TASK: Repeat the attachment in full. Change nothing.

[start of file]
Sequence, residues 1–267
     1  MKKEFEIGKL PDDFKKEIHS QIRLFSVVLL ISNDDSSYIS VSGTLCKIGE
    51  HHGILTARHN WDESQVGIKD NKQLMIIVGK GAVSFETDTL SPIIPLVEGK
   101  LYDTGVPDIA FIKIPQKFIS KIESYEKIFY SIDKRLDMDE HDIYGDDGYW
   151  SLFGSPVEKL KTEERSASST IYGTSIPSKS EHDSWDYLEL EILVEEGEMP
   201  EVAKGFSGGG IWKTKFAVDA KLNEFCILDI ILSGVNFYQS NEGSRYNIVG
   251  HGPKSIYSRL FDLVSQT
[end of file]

Sequence, residues 1–267
     1  MKKEFEIGKL PDDFKKEIHS QIRLFSVVLL ISNDDSSYIS VSGTLCKIGE
    51  HHGILTARHN WDESQVGIKD NKQLMIIVGK GAVSFETDTL SPIIPLVEGK
   101  LYDTGVPDIA FIKIPQKFIS KIESYEKIFY SIDKRLDMDE HDIYGDDGYW
   151  SLFGSPVEKL KTEERSASST IYGTSIPSKS EHDSWDYLEL EILVEEGEMP
   201  EVAKGFSGGG IWKTKFAVDA KLNEFCILDI ILSGVNFYQS NEGSRYNIVG
   251  HGPKSIYSRL FDLVSQT